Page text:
The Sigma 18-35mm f/1.8 DC HSM lens is built for APS-C format cameras, providing a 27-52.5mm equivalent full frame field of view. At 1.78 lbs, the lens is not quite a bear; however, you’ll definitely notice an increase and size and weight from other variable aperture zoom lenses built for APS-C cameras (e.g., Canon’s EF-S 18-135mm IS STM and Nikon’s 18-105mm VR). I equate the feel close to the Canon EF 24-105mm f/4L IS lens.
The decreased size of the APS-C sensor allowed Sigma to build a f/1.8 zoom lens without the penalty of making a monster of lens that would be required to cover a full frame sensor.
The Sigma 18-35mm f/1.8 lens becomes more like a bag of prime lenses than a do-it-all zoom lens. It’s like carrying a 28mm f/1.8, a 35mm f/1.8 and a 50mm f/1.8 lens in your bag (taking into account the crop factor) without ever needing to remove the lens. While this analogy can be drawn for practically any zoom lens (and it’s a great tool to use to force yourself to work the scene rather than work the lens), you can’t get a f/1.8 aperture across these focal lengths on any other single lens in the world.
The thing about the Sigma f/1.8 is that the image quality backs up the bag-o-primes analogy. It roasts other lenses that you might compare in the “fast zoom” category. And then consider how it stacks up against prime lenses along its focal length range – delivering a DxOMark Score of 27, while Canon primes within its zoom range garner a score of 25 and 22 when all are shot on the Canon 70D.The Canon EF 35mm f/2 IS USM lens runs $600 and the EF 24mm f/1.4L II USM lens retails for a bit more at $1749 (nearly $1000 more than the Sigma 18-35mm).
Below are a few images I shot with the Sigma 18-35mm lens and the Canon Rebel SL1, which offer a glimpse at the focal range, lens flare and the depth of field you get out of this wide angle lens.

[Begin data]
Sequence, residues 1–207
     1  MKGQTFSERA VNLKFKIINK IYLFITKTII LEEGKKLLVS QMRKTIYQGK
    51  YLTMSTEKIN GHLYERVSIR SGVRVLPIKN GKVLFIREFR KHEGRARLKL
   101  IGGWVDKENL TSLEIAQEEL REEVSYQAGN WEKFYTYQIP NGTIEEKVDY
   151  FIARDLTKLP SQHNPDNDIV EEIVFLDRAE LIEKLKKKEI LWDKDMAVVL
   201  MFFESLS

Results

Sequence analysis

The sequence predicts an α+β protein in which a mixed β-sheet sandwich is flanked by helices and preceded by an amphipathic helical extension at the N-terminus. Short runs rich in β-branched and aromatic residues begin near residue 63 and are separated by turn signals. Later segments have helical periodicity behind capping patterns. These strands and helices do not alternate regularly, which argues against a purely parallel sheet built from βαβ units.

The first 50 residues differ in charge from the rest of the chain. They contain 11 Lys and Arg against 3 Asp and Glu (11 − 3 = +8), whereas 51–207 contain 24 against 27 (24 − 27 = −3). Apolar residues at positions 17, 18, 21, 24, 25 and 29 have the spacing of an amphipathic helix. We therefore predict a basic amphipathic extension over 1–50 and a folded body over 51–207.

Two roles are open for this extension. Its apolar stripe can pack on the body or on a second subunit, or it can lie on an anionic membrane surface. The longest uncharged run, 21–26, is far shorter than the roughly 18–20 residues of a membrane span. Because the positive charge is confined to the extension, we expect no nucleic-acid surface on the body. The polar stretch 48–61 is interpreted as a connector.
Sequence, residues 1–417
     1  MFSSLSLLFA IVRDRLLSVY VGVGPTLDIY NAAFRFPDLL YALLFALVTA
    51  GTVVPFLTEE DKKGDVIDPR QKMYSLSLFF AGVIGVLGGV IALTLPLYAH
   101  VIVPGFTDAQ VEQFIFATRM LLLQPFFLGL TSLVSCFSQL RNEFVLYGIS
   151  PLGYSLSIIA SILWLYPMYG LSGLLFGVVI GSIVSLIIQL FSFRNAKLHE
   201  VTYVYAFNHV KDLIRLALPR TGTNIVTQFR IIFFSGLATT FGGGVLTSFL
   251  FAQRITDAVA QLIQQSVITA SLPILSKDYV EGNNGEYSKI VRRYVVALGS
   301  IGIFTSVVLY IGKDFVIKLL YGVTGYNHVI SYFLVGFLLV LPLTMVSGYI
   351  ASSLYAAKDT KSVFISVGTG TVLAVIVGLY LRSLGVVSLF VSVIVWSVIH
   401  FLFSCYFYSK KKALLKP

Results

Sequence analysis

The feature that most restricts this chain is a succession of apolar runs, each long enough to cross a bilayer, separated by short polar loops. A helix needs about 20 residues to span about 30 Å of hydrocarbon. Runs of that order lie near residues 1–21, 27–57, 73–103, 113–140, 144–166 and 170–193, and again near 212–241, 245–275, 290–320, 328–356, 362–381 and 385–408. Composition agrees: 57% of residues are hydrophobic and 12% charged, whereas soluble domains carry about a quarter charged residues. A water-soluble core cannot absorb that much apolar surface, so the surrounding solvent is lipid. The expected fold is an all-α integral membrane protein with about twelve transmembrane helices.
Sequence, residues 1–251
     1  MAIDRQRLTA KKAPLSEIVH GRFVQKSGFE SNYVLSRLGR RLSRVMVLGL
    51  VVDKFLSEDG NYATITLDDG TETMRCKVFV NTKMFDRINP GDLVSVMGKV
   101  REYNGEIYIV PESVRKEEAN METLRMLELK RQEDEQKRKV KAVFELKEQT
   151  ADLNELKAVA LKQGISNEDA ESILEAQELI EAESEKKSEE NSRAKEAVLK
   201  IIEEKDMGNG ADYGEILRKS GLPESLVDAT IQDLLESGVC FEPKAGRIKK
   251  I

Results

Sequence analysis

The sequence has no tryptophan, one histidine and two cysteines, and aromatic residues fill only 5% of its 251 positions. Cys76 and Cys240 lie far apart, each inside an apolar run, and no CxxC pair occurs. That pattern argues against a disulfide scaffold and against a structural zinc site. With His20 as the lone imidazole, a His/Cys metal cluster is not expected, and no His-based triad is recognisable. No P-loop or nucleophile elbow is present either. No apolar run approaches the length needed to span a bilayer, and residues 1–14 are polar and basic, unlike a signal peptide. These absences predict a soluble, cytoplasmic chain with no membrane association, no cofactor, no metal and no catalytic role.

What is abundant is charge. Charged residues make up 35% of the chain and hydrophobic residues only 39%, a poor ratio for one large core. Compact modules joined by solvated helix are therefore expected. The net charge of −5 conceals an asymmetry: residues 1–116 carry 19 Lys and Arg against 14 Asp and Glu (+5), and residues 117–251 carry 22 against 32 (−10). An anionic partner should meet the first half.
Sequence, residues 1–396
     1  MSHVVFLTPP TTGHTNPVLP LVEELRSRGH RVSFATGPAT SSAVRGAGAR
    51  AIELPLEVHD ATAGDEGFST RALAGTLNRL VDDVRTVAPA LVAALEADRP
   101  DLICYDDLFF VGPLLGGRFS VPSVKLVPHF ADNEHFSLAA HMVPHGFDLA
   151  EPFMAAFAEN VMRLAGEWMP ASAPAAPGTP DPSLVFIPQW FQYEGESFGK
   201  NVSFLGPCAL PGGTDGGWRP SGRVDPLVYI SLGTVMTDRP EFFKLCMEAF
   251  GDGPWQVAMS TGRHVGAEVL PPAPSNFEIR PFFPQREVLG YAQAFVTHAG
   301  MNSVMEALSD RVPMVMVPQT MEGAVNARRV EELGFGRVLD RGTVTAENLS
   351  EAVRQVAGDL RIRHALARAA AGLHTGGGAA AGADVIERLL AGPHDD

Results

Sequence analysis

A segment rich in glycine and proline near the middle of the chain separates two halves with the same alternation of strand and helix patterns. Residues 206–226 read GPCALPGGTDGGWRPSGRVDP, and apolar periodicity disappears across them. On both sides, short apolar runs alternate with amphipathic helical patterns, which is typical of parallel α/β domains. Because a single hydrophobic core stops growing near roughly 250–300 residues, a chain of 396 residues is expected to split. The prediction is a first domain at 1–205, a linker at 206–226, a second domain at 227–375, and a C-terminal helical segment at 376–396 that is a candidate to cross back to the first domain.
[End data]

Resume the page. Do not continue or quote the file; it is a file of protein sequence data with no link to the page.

One area of concern, which some of you will recall if you have been following my coverage of this lens, is a focusing issue with the first review sample that I received. When I got the first lens, it was way off at 18mm and a little off at 24mm and 35mm. The lens dock is a great tool for these new breed of Sigma lenses; however, the focus calibration can take a few short minutes to several hours depending on whether you need to set and test all focal lengths at all distance ranges. I’ve read personal reviews from a couple other users that have experienced similar issues with their Sigma 18-35mm lenses.
I sent the lens back to Sigma and their engineers could not repeat my experiences (even though I encountered the issue on both a 60D and a Rebel SL1). They sent a second copy and it appeared to focus fine. It happens to all manufacturers and I personally own a Sigma 70-200mm f/2.8 that’s probably eight or nine years old now and still focuses great. But if that kind of thing scares you off, just make sure you buy from a reputable vendor (like B&H) who you know will accept returns for defective products. (And that generally applies to all photo gear you purchase…)
The Sigma 18-35mm f/1.8 DC HSM lens is truly a revolutionary lens. Sigma has achieved something no other manufacture has achieved to date. A f/1.8 aperture zoom at this price cannot be ignored. Look for Sigma’s new line of Art lenses to continue to shake up the DSLR industry.
The Sigma 18-35mm f/1.8 DC HSM lens is available from Photography Bay’s trusted retail partner, B&H Photo, at the following links:
By making your photography purchases at B&H Photo through these links, you are helping Photography Bay to continue bring quality camera tests, news and reviews. Thanks for your continued support.